As widely reported, there is a new version of Trump care/House Republican efforts to weaken the Affordable Care Act (ACA). The changes give states additional freedom to eliminate protections for people with pre-existing health conditions. Anyone who has ever received a prescription for an antidepressant or seen a therapist is considered one of those high risk individuals. The new bill also authorizes elimination of 10 essential benefits. These include behavioral health as well as habilitation and rehabilitation services important to people with behavioral health problems.
All of the Medicaid cuts there were in the original proposal are still there. The changes satisfied the so-called freedom Caucus of extreme conservative Republicans. On the other hand it has strengthened the opposition of so-called moderate Republicans. Here is a brief presentation summarizing the status of this effort and other related possible health policy changes. Note especially the charts on pages three and 13.
When the original bill was considered last month all 14 California Republicans were reported to be in support. Now we have heard that Congressman Jeff Denham from the northern San Joaquin Valley is not supporting the bill. This means that the grassroots efforts of organizations like ours are making a difference. See Sacramento Bee Article.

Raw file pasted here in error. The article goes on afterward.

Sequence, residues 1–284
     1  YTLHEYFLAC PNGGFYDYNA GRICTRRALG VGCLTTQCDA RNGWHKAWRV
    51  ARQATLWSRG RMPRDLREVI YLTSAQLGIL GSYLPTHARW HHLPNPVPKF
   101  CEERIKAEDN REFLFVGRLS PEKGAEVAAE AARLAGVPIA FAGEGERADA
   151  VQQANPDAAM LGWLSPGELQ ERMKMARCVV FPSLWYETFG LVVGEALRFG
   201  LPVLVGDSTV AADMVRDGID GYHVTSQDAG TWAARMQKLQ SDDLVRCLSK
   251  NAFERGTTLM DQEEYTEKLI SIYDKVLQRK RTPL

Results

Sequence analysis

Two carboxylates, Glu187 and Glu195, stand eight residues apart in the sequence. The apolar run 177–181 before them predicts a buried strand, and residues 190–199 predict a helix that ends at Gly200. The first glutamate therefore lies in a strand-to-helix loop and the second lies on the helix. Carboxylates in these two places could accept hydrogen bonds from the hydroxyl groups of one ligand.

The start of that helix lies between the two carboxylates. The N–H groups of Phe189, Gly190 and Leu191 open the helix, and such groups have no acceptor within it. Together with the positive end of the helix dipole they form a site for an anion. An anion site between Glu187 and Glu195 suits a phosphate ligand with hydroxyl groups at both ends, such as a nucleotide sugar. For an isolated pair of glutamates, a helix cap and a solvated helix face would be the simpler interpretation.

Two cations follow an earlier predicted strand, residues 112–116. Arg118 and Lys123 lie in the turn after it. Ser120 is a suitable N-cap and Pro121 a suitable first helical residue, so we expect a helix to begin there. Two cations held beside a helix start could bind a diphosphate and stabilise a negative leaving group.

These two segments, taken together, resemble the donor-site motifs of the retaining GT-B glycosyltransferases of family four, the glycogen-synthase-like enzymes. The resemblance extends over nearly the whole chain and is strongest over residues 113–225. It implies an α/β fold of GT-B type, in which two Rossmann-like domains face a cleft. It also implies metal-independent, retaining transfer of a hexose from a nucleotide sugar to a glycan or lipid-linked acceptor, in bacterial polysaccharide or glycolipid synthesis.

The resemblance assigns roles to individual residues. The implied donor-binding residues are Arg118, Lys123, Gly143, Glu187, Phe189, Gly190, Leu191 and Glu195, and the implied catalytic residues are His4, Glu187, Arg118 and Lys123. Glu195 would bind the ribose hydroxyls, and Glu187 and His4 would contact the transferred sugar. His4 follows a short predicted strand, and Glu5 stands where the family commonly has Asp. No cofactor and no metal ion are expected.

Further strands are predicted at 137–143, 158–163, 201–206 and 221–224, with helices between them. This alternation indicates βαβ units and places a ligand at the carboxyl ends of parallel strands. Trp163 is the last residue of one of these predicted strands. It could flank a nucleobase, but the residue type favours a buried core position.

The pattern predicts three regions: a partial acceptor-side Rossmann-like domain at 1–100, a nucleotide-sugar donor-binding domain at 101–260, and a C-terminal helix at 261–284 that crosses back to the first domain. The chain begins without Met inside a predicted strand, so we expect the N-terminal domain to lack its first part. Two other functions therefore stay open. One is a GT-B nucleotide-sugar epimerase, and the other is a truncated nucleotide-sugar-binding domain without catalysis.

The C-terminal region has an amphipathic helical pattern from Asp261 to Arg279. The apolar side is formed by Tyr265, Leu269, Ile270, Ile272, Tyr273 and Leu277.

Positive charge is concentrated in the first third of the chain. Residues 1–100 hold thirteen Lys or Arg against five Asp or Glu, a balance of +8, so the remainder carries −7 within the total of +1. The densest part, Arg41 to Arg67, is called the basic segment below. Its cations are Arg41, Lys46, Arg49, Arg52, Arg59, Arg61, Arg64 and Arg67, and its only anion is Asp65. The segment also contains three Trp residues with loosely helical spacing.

Unless the bill has been passed by the house before you read this, those of you who provide services in areas represented by Republicans in Congress should redouble your efforts to remind these members of the consequences of cuts in behavioral health services and access to insurance which includes these benefits.
There has never been a time when there’s been so much public attention on how health care systems work. This is the time for all of you to continue to expand your efforts to educate your political leaders and build relationships that will impact policy support beyond this year. These efforts will pay off, even if it doesn’t appear that way in terms of immediate change of position.
Continue reading Another Attempt to Weaken the Affordable Care Act
Congressional Budget Office slams Republican healthcare proposal. More people lose health insurance than gained it under Affordable Care Act.
The analysis that came out Monday from the CBO confirms the views of healthcare experts and state officials. Moreover, it only covers impacts through 2026. My analysis suggests that over 20 years most states will find it impossible to continue the Medicaid program as the block grant spending cap gets tighter the gap between Medicaid costs and federal funding grows. If that happens, the number who lose insurance could eventually be double the numbers in this estimate. Continue reading GOP Health Care Proposal, No Place Like Home, and Vancouver Youth Center
Signs of Hope – from leading national behavioral health policy advocate Chuck Ingoglia
At CCCBHA’s February membership meeting we were fortunate to have Chuck Ingoglia of the National Council for Behavioral Health as a presenter. There is probably no one in behavioral health closer to the action in Washington DC and better positioned to make our case. He had good news to report in that there is growing support for maintaining federal support for behavioral health. He noted that everyone’s advocacy is making a difference and that the more extreme potential funding cuts are less likely to be enacted. Continue reading Signs of Hope